Eventually she completed the treatment and the chills and the aches stopped. The scans came back “clean”, but that might have been the easy part: getting cancer off the scans. The real hard part is getting it off your mind. Mom told me that the greatest challenge after treatment is not becoming obsessed that every headache or cold, sharp pain or little rash is a sign that the cancer is back.
For the rest of us, at least superficially, things seemed to be “normal” again. We didn’t really talk about cancer. We didn’t use the term “remission." We just assumed “cured.” It was logical. Plain and simple. Mom had cancer. Mom endured the treatment. Mom beat it. Like we knew she would. We could all move ahead with our lives now, thank you very much.
Until last spring, April 2015. She went in for her yearly PET scan. She came back with “findings” that needed to be explored with a biopsy. “This really is not happening,” I remember thinking to myself. “Why not?” came an internal reply. The worst was confirmed: metastatic melanoma, stage IV cancer (“That’s the last stage,” I remember telling my older brother when he asked me how many stages there are).
Now I’m in the first year of medical school. Tomorrow we will be talking about melanoma in class. I am doing the reading to prepare and I come across the survival statistics. Odd that I have never actually looked this up myself before. The five-year survival rate for a person with stage IV lung metastases is 17%. I stare at the accompanying figure, a Kaplan-Meier survival curve. Looking out at the 16-month marker on the x-axis: not many survivors. Were all those dots on the chart really someone’s mom or dad, or brother or sister? I keep reading, “Malignant melanoma is the cutaneous neoplasia with the greatest mortality rates and one of the malignancies with the highest potential of dissemination. The prognosis of patients with metastatic melanoma is grim…” Time for a shower, I think. Enough studying for tonight. I walk down the hall of our dorm in my sandals, head straight to the showers and turn the water on hot. I get in and stand there for a few moments, letting the water pour over me. “The prognosis is grim,” I think to myself, “17% survival at 5 years.” “Shit,” I whisper. I am hit with this longing to see my parents and be with my brothers. I picture my mom’s funeral. My brothers carrying the casket. I picture my dad speaking at the wake, thanking everyone for coming. There’s my mom’s sister and brother. There’s her best friend. There are her nephews waving goodbye to her. I picture my mom on the back porch with a cup of tea, looking toward the sun. The hot water runs over me and I weep. I cover my face, but what is the point? I can’t stop it; the tears flow, falling off my face, joining the water droplets from the shower, crashing into the tile and falling down the drain. I want to follow them down there.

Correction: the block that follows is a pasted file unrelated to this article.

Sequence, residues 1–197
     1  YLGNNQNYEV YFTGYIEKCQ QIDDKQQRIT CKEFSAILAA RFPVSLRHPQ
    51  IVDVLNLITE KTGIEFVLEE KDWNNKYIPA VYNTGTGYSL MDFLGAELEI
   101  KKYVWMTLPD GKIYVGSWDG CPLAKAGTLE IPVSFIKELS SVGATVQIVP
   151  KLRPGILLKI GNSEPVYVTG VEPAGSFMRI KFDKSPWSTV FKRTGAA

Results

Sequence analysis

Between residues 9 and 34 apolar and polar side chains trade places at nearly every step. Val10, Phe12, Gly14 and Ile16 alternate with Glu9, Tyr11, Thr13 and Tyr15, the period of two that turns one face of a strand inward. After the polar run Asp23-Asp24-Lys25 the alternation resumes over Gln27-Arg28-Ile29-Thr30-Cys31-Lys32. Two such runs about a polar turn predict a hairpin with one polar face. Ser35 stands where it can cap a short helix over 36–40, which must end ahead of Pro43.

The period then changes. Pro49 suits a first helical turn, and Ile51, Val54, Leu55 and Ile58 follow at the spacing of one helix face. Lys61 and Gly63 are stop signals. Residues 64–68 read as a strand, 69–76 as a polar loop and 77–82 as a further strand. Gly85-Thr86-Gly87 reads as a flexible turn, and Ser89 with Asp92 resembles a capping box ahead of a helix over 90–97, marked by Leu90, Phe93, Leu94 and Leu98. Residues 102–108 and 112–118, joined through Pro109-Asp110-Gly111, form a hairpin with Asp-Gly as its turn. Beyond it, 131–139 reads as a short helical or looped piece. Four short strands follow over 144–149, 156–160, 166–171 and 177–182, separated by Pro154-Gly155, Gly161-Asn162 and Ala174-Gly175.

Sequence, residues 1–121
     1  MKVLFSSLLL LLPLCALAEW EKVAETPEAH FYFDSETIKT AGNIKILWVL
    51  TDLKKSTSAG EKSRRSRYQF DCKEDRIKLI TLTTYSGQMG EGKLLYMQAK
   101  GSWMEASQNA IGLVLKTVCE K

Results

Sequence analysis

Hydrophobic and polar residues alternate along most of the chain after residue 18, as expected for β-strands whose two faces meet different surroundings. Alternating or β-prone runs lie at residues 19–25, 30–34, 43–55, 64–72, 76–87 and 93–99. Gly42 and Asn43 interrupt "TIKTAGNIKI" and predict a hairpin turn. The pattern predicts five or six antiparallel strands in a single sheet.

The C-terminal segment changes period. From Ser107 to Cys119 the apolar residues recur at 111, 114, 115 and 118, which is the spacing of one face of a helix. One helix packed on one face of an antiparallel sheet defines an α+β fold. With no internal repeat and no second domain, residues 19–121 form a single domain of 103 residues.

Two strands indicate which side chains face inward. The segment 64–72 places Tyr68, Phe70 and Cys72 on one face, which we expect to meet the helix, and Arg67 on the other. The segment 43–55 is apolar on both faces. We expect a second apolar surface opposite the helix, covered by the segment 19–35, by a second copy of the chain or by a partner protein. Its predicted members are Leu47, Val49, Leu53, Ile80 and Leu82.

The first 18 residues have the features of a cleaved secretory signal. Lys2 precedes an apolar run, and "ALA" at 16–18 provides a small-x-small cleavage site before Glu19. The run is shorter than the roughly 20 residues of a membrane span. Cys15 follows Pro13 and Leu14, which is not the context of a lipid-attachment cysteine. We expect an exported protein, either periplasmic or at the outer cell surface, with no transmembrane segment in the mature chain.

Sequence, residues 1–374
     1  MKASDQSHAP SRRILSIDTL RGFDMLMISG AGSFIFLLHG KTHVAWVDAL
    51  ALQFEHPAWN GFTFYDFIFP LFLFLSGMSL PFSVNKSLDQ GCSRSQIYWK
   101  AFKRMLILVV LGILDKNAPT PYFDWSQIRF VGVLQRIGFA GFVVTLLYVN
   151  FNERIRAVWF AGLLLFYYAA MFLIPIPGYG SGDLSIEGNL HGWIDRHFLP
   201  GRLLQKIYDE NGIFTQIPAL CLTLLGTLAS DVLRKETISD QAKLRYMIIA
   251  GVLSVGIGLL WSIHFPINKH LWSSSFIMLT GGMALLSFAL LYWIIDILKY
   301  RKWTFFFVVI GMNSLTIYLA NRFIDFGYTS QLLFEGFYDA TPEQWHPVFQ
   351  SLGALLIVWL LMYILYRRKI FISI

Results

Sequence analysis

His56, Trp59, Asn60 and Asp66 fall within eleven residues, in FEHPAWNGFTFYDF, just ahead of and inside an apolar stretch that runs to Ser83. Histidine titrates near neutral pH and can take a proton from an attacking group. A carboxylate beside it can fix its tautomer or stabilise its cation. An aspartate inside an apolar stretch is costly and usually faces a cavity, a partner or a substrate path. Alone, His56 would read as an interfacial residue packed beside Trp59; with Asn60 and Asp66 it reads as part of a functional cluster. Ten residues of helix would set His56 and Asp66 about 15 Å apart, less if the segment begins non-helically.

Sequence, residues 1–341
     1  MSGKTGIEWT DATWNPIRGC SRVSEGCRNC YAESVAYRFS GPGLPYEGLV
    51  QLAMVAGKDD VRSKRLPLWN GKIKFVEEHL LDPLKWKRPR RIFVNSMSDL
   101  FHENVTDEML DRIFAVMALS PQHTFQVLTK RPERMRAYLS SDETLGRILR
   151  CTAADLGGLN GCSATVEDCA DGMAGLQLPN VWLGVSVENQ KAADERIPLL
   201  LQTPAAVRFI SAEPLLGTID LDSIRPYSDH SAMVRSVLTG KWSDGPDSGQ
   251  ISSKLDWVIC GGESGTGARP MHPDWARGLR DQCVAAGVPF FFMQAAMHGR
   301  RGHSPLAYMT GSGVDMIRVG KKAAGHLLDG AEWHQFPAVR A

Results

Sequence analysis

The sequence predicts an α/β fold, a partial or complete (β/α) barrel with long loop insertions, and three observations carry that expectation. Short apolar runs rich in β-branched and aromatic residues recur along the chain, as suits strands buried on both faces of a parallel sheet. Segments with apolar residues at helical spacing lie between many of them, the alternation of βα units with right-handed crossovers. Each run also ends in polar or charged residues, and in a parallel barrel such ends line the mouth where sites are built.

I pull a mask over my face, slip a pair of gloves on while I make my way over to the metal table to join my classmates, who are peering over specimens while a pathology resident asks a question: “What do you guys think this person died of?” I pick up the cold tissue in my hands. Definitely a lung, though it is collapsed now, greyish-tan color – bland, lifeless. The tissue is dotted by small dark specks, some as small as a pencil’s tip, others the size of its eraser. I roll these little specks through my fingers. They are smooth, but irregularly shaped. They are hard and stick well to the tissue. They are uniformly black. “Is that from smoking?” a classmate ventures. “No, but good guess!” the resident replies excitedly. “That black stuff isn’t from particulate matter. Think about what cells can make that sort of pigment.” Another student speaks up, “Skin cells. Melanocytes produce pigment!” The resident, who nods in approval, concludes, “Yes, this patient died from metastatic melanoma.” The group shuffles to the adjacent table where diseased kidneys await us. I stand with the melanoma lung in my hands and roll my fingers over the small bumps again and again.
As a medical student, I’ve learned enough to fear diseases like cancer, by studying their pathology, watching tumors excised from abdomens in the operating room, or as I did recently, holding the nodules of metastatic melanoma in my hands.
But as a son, the disease is not so much what I’m afraid of…loss is. The cellular morphology isn’t scary. Even the scans aren’t that scary. The thought of being without someone irreplaceable, like my mom, is what is terrifying.
Sometimes I try to live only as the medical student, sometimes only as a son. This experience, I’m learning, requires both, and, as a great poet has said, the only way forward it seems, is to live like the river flows, carried by the surprise of its own unfolding. *
* John O’Donohue